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Capturing Nature reveals Australia’s earliest scientific photography

: A new exhibit, ‘Capturing nature: early photography at the Australian Museum 1857 –1893’ opens on November 16 at the CDU Art Gallery. Pictured: CDU Art Gallery Curator, Dr Joanna Barrkman.
A new exhibit, ‘Capturing nature: early photography at the Australian Museum 1857 –1893’ opens on November 16 at the CDU Art Gallery. Pictured: CDU Art Gallery Curator, Dr Joanna Barrkman.

Australia’s earliest scientific photographs on display at CDU Art Gallery reveal the scientific discoveries of Australian Museum scientists between the 1850s-90s.

A new exhibit, ‘Capturing nature: early photography at the Australian Museum 1857 –1893’ opens on November 16 and features 67 large format photographic prints drawn from the Australian Museum’s extensive archival collection of glass plate negatives.

These prints tell the story of the advent of photography in the young colony, less than 10 years after the birth of photography in Europe.

The subjects depicted vary from a large sunfish, the flipper of a sperm whale, to a gorilla, and the fragile bones of a flamingo.

Most of the specimens photographed at the museum are by taxidermist, Henry Barnes and his son, Henry Barnes Jnr with the help of the Australian Museum’s pioneering Curator Gerard Krefft.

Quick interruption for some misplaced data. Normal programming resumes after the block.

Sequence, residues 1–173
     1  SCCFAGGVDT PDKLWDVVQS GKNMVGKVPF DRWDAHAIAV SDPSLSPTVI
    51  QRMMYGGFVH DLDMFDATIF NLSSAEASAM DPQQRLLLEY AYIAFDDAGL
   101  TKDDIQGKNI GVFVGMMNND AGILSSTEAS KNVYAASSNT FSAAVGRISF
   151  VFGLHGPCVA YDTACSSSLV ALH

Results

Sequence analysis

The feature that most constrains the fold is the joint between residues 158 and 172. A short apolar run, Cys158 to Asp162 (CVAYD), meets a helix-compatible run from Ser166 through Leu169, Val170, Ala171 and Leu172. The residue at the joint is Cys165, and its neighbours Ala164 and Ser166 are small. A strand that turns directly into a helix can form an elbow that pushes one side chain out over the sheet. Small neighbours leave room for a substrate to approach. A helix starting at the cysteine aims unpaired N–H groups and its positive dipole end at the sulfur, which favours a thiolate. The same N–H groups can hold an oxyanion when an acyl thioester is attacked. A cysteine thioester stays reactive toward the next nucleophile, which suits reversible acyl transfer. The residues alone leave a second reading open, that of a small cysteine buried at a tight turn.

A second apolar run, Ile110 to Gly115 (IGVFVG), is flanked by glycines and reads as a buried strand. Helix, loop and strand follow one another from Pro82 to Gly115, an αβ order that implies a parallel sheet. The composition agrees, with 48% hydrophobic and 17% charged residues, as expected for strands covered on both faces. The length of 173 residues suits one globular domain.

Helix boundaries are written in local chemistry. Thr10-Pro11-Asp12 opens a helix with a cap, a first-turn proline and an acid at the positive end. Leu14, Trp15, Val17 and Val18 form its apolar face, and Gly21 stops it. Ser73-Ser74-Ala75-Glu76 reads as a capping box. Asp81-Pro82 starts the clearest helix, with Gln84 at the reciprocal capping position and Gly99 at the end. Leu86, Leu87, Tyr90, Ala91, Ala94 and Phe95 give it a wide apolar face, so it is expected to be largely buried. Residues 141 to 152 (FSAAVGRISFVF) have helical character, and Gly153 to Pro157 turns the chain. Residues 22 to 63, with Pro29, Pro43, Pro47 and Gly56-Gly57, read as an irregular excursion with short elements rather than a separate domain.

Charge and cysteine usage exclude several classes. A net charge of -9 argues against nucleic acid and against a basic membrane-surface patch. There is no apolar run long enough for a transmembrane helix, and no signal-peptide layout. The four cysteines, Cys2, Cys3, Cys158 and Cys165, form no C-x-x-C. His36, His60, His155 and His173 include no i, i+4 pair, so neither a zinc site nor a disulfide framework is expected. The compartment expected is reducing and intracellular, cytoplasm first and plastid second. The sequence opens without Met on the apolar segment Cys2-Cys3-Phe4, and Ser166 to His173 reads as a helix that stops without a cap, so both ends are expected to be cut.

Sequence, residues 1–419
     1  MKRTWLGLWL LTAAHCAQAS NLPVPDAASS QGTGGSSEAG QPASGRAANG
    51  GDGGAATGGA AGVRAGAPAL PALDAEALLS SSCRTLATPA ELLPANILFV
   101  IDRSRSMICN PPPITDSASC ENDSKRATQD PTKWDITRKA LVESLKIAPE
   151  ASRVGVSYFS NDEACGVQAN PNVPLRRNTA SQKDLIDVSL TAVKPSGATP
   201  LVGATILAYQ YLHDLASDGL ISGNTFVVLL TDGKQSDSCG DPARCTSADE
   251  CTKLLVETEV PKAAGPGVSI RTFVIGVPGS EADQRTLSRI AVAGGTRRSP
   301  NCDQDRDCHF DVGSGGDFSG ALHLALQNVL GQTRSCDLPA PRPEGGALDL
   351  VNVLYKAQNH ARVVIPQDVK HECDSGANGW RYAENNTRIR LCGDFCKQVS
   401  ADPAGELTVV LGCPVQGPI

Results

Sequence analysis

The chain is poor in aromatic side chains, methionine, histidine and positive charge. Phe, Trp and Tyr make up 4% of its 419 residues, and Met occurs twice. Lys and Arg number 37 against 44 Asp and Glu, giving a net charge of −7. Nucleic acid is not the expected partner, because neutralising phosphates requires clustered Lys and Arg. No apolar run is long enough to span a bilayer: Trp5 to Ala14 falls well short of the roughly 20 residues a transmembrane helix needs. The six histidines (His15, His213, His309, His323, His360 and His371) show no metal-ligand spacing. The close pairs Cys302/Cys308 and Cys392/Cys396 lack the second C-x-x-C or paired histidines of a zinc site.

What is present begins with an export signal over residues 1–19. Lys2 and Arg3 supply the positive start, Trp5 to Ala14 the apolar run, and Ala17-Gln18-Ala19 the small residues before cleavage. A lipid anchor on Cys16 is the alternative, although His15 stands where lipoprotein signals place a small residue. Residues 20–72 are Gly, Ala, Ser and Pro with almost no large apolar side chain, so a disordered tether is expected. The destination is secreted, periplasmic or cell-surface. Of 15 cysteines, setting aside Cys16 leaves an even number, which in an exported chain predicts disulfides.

CDU Art Gallery Curator, Dr Joanna Barrkman, said visitors to the exhibition can view the 67 rich, prints together with a video that explains the glass plate photography technique.

“Collectively, these works highlight the legacy of this photographic medium, demonstrating the importance of glass plate photography as a viable and popular art, as well as a recorder of history and science,” Dr Barrkman said.

“The images range from the initial tentative experiments in the 1850s to the time when photography was becoming an indispensable part of museum practice in the early 1890s.”

Australian Museum Director and CEO Kim McKay AO said some of the earliest adopters of photography were scientists who were quick to see its potential for capturing the process of discovery and describing new species.

“In the Victorian era, museums were the public face of science. At the Australian Museum, the arrival of curator and scientist Gerard Krefft in 1864 marked a fortuitous coming together of skills, experience and technology,” Ms McKay said.

“The images by Gerard Krefft, and his taxidermist, Henry Barnes, not only produced records for the Museum, but also helped them share the Museum's work around the world. Their early images showcase the creativity, innovation and experimentation that were, and remain, part of the Australian Museum's DNA.”

Beautiful, haunting and sometimes strange, Capturing Nature is not only a unique record of early Australian science but also brings to life the story of one of humankind’s greatest inventions.

Capturing Nature will be exhibited at CDU Art Gallery from November 17 until April 1, 2023 and will be opened by Dr Kirsten Abbott, Head of Science, Museum and Art Gallery of the Northern Territory on November 16 at 6pm.

The CDU Art Gallery is open from 10am to 4pm on Wednesday to Friday and 10am to 2pm on Saturdays at CDU’s Casuarina campus.

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